Clean Water

The diverse ecosystems, working
landscapes, and vibrant communities
that inspire and sustain us depend on
clean water. Learn about pollution
reduction strategies.

Healthy Habitats
Connect Us All

Lakeshores, stream banks, and wetlands are critical to clean
water and biodiversity. Learn about efforts to improve
habitat connectivity in the Basin ecosystem.

We Care for
What We Know

Recreation fosters stewardship of the Basin’s rich
natural and cultural heritage by connecting people
to the landscape while supporting local economies.
Learn about ways to explore the Basin.

Informed Citizens
Make Wiser Choices

Citizens who have an understanding and
appreciation of water resources make informed
choices about actions that might contribute to
pollution. Learn about education programs.

    Water & Environment

    Did You Know?

    The deepest spot in Lake Champlain is 400 ft. (122 meters) deep, located in the area between Charlotte, Vermont and Essex, New York. The average lake depth is 64 ft. (19.5 meters).
    Find out more

    Missisquoi Bay Agreement

    Vermont and Québec share Missisquoi Bay and its 1,200 mi2 (3,100 km2) watershed. In recognition of the deteriorating water quality of the bay, the two governments established a formal commitment to reduce their share of the pollution entering the Bay on August 26, 2002 in Québec City.

    The agreement states that Vermont will have 60% of the responsibility for reducing phosphorus loads to the Bay, and Québec will assume 40% of the responsibility. Accordingly, the target phosphorus load for Vermont will be 58.3 metric tons per year (mt/yr), and the target load for Québec will be 38.9 mt/yr. The target loads set by the agreement were based on the June 2000 report of the Québec-Vermont Missisquoi Bay Phosphorus Reduction Task Force, and a subsequent addendum dated October 2001.

    The signing of this agreement fulfills a high priority action of the Lake Champlain Management Plan, Opportunities for Action, implemented by the Lake Champlain Basin Program and its partners. The Missisquoi Bay Agreement was also incorporated into the 2002 Lake Champlain Phosphorus Total Maximum Daily Load (TMDL) plan which established maximum allowable phosphorus loads from each sub-watershed in Vermont and New York (the TMDL is currently under revision by the EPA; VT ANR and VAAFM identified a suite of actions necessary to implement in the Vermont portion of the Missisquoi Bay watershed in order to achieve the target phosphorus loads that Vermont committed to achieving and maintaining. These actions include wastewater treatment plant upgrades, best management practices on farms to reduce nutrient runoff, stabilization of stream banks and stream channels, and better stormwater management and erosion control on developed land and roadways.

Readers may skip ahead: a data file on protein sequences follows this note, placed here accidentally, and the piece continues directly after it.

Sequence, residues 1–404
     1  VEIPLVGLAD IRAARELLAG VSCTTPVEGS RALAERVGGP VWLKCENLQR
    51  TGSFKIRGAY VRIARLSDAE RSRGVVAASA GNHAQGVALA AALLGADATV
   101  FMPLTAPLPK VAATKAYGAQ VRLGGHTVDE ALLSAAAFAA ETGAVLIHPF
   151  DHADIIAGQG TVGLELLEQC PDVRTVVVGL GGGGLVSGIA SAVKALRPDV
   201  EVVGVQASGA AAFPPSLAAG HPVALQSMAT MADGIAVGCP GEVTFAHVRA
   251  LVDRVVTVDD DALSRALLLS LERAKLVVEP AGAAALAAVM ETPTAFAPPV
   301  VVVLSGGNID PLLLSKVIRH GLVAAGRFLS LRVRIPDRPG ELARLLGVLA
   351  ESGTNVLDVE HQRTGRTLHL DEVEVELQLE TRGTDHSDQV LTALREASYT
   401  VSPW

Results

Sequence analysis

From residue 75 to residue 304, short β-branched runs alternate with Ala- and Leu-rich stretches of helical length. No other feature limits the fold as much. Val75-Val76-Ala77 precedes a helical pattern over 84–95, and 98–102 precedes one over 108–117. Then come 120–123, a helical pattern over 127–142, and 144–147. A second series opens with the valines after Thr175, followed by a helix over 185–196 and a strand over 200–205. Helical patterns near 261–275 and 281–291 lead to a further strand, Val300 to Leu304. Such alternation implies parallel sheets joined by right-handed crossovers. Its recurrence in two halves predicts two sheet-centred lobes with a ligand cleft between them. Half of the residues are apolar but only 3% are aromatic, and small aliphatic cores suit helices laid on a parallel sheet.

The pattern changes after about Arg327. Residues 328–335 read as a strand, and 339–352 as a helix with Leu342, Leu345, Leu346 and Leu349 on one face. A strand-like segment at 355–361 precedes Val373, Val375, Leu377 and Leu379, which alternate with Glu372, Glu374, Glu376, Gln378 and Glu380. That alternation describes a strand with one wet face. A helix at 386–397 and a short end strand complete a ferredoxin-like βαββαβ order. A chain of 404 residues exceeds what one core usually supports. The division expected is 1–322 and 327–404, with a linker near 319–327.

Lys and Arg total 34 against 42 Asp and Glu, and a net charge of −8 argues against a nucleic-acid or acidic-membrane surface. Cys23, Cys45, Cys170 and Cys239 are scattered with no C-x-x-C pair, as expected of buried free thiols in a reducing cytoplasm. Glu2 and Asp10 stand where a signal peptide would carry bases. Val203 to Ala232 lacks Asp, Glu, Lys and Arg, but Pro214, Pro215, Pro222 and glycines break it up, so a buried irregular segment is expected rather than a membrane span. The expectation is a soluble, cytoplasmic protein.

More recent work has focused on identifying critical source areas in the Missisquoi watershed that contribute substantially more phosphorus to adjacent waterways than other areas.

    In support of this agreement, LCBP coordinated a workshop focused on nutrient and cyanobacteria research in Missisquoi Bay on August 13, 2013.  More than 20 researchers and resource managers from Québec and Vermont met at the Missisquoi National Wildlife Refuge in Swanton, VT, as a follow-up workshop to one held in Québec in the winter of 2012. The purpose of this workshop was to allow researchers and resource managers working on water quality issues in the Missisquoi watershed to learn about ongoing research projects, to create networking opportunities for increased cross-border collaborative projects, and to discuss additional needs or support for continued research in this region of the Lake Champlain watershed.

    Read the full August 13th, 2013 meeting summary with links to participantscurrent research and recently completed LCBP projects in the Missisquoi Bay watershed.

    Plans and Documents

    What is the State of the Lake?

    What is the
    State of the Lake?

    Learn about the health of Lake Champlain in the 2018 State of the Lake report. Read about trends in key indicators of water quality and ecosystem health. Read the State of the Lake report


    Make Some Waves

    From using lake-friendly cleaning products to volunteering with a local watershed group, you can help restore and protect the Lake Champlain Basin. Find out how you can get involved

    Track Our Progress

    Track Our Progress

    Explore the goals and actions of our partners and track our progress online with the Opportunities for Action website. View Opportunities for Action

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    LCBP is a program partner of
    Lake Champlain Basin Program

    Lake Champlain Basin Program
    54 West Shore Road
    Grand Isle, VT 05458
    800-468-5227 (NY & VT)
    or 802-372-3213